As a formerly incarcerated individual who has gotten her record expunged, Murphy wants to make sure that other people are also aware of these types of programs because “they’re free and they’re intended to help people move on from that previous life.”
For Colleen Murphy, her previous life began in a small rural town in San Bernardino County, near Joshua Tree National Park. After doing well in high school and graduating a year early, Murphy moved to San Diego in 2005 due to more economic and schooling opportunities to attend a local community college.
Murphy attended school and worked full-time to support herself, but moving away from home and her support systems was challenging. She began experiencing mental health issues, and eventually turned to alcohol and drugs as coping mechanisms.
At first, Murphy continued attending school and working as an investment broker at TD Ameritrade, but her mental health issues and substance abuse issues continued to persist.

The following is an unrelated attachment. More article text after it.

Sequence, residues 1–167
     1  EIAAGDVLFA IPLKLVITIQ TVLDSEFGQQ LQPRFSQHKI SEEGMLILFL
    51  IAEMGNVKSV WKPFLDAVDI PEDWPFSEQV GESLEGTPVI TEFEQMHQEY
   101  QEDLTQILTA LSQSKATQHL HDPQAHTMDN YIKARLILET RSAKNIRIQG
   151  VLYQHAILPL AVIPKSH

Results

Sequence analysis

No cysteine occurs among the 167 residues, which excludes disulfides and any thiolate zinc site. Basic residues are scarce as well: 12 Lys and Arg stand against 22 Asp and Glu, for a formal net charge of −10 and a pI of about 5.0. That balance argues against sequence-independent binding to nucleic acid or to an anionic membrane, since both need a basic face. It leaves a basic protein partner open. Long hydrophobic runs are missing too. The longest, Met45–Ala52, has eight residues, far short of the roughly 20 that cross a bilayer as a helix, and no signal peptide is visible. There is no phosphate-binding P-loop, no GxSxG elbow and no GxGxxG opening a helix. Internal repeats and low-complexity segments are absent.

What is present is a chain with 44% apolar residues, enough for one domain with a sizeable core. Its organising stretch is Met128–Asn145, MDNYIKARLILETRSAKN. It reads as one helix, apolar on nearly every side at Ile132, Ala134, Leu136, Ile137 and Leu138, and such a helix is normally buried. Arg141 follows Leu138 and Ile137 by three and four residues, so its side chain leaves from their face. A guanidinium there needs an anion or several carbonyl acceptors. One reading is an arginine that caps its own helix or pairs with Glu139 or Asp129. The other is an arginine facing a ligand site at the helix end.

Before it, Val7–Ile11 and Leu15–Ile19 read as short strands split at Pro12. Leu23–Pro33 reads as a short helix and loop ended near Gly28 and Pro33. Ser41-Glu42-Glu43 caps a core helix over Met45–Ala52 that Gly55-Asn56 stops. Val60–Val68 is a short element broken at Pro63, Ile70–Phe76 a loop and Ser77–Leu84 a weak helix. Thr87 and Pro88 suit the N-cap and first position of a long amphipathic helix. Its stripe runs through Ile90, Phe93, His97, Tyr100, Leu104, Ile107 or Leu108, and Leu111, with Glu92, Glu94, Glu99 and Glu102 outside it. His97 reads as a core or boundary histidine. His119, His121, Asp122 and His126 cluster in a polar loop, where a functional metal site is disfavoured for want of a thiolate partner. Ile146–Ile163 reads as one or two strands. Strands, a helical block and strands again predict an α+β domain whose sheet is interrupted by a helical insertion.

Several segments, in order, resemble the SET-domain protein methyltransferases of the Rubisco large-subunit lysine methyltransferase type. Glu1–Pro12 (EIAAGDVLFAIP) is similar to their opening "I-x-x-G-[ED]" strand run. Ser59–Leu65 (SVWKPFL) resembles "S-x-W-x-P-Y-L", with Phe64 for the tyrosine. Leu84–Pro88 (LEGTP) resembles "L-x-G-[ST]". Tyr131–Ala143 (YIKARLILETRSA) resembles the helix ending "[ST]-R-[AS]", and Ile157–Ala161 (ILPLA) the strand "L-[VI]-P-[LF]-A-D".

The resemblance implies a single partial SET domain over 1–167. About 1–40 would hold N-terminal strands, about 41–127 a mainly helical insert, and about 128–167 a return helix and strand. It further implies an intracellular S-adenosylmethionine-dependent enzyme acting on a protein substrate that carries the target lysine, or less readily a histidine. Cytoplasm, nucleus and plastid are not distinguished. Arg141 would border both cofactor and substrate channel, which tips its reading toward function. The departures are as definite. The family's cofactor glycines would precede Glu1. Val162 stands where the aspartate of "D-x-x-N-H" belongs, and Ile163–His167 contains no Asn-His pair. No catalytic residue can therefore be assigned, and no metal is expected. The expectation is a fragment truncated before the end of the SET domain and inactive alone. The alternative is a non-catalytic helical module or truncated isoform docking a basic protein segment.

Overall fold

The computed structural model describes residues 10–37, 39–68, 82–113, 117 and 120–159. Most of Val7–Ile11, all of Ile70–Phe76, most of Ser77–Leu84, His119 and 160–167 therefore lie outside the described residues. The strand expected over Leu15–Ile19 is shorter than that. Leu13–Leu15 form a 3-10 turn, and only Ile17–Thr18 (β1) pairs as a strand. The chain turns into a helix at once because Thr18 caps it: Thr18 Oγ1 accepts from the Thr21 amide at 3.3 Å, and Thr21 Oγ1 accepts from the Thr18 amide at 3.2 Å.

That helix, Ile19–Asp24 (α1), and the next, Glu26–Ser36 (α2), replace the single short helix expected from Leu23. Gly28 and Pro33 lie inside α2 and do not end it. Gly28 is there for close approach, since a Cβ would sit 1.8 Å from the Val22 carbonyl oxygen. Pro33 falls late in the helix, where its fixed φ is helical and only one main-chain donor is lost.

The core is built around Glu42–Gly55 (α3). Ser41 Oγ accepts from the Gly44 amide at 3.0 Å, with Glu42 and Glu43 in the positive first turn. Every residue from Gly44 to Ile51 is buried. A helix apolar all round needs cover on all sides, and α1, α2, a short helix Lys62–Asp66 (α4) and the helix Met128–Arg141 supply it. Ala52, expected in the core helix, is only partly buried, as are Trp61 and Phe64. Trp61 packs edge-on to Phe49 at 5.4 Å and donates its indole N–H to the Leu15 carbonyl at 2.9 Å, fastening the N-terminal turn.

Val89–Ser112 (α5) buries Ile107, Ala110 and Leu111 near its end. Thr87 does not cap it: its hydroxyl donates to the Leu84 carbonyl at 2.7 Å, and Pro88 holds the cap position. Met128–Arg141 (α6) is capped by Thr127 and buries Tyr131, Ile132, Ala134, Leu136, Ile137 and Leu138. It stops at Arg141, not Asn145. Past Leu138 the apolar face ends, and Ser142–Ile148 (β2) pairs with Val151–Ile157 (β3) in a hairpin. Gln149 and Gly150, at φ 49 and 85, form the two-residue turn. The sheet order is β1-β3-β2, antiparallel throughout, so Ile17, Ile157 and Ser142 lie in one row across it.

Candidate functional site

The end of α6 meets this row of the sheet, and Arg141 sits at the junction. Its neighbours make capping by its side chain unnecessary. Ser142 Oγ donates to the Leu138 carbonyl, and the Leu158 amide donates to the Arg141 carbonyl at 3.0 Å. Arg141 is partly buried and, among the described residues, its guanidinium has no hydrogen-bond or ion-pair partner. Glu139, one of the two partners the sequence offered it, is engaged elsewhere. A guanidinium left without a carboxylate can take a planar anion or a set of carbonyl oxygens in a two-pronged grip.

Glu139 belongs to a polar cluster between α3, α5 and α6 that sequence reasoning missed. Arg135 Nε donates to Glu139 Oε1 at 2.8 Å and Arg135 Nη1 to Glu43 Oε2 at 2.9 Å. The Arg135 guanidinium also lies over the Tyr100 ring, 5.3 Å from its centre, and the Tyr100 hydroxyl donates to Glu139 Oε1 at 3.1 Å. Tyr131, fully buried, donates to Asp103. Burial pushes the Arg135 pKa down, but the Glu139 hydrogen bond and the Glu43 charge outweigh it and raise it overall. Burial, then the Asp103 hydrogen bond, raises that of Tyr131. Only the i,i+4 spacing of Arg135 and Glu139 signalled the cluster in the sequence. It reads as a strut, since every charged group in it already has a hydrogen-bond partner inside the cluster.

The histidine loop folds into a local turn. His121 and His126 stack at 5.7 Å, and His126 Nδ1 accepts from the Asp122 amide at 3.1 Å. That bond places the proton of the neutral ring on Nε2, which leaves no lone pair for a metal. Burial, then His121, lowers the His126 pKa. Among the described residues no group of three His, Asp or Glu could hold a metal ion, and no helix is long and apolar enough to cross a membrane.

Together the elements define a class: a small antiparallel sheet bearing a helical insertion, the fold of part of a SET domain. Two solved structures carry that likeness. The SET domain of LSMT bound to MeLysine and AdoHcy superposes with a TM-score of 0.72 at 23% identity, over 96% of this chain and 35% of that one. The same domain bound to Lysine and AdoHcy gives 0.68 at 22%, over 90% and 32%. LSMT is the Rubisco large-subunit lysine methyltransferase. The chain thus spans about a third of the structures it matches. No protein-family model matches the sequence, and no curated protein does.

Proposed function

During this time, Murphy was also involved in abusive relationships. Eventually, she ended up leaving her job, dropping out of school, and moving back to her hometown in 2008. After returning to her hometown, as a consequence of her unhealthy coping mechanisms, she ended up arrested.
Prior to her arrest, she was going through background checks and other processes required for employment. As soon as her potential employers were notified about her charges, they rescinded her offer of employment.
“That was just the beginning of the institutional and social barriers that were put up because of my arrest,” Murphy said. “Even before I was convicted on any of the charges, that job was taken away. The financial repercussions of being arrested are significant.”